With Tim Minchin about to launch his Groundhog Day musical on the world, and gold and silver tokens fluttering around an Islington crystal dome, 1990s nostalgia is most definitely in. And while we wait with baited breath for the Fresh Prince of Bel Air ballet and the Biker Mice from Mars rock opera, some team of mad geniuses have given R L Stine’s Goosebumps series the immersive theatre treatment, with gloriously spine-tingling results.
Most definitely not for kids, Goosebumps Alive’s brilliance lies in its witty transposition of Stine’s concepts to the lives of London’s millennials. Each show is made up of a series of vignettes of varying scales, from sweaty monologue to fully fledged short play, which take the germ of a Stine story and flesh it out into a contemporary morality tale. Stay Out of the Basement’s story of killer plants and a mad scientist now centres around an abusively controlling boyfriend; The Cuckoo Clock of Doom’s time-travel narrative now takes place in a Bermondsey pawn-shop. It’s a bold and unexpected move, but writer and director Tom Salamon nails the tone so perfectly that each gruesome story feels like a gift.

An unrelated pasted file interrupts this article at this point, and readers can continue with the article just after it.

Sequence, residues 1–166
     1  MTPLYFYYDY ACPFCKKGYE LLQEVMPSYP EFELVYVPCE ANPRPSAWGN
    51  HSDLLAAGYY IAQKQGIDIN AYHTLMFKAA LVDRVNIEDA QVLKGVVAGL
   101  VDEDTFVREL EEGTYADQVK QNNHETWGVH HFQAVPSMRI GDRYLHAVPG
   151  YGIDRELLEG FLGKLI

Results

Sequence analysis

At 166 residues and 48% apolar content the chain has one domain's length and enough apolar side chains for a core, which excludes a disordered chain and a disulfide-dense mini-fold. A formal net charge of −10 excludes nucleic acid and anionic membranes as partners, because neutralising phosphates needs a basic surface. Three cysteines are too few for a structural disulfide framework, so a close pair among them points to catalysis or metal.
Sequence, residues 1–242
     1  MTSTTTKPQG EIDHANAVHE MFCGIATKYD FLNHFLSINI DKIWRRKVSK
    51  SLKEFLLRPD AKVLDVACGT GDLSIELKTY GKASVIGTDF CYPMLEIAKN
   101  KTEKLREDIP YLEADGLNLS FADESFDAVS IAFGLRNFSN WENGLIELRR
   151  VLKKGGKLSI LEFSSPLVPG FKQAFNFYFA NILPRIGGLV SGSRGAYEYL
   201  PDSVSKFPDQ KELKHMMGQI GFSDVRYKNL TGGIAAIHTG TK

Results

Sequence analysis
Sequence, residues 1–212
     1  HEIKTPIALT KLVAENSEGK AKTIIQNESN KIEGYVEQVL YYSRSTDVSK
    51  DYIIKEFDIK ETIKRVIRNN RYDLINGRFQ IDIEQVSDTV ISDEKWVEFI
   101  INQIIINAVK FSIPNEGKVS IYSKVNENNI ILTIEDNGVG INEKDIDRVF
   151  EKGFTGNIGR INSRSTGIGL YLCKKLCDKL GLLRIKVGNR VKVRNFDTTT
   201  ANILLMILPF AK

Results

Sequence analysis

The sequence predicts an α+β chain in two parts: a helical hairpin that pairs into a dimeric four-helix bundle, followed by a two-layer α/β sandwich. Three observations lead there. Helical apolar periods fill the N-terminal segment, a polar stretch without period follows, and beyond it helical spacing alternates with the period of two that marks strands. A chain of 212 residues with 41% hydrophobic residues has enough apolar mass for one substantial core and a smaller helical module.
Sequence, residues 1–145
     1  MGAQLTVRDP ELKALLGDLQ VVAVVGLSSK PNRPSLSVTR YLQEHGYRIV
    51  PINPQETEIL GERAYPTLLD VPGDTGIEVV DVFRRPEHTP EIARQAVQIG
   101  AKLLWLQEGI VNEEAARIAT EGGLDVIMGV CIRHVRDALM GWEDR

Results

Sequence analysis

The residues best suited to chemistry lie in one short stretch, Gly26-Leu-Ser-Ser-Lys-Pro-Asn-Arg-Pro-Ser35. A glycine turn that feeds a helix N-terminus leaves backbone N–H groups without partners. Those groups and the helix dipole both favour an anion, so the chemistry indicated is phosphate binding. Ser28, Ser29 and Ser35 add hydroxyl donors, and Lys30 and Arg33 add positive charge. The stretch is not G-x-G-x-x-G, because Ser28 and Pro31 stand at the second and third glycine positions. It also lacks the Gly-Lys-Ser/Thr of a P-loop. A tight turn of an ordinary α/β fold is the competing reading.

The Day-Glo production sprawls through the vaults beneath Waterloo, and each 90 minute show only features a third of the entire story, but despite the occasional technical snafu, the inevitable result of running a promenade show on this scale, Goosebumps Alive is an experience you’ll be (literally) dying to take again.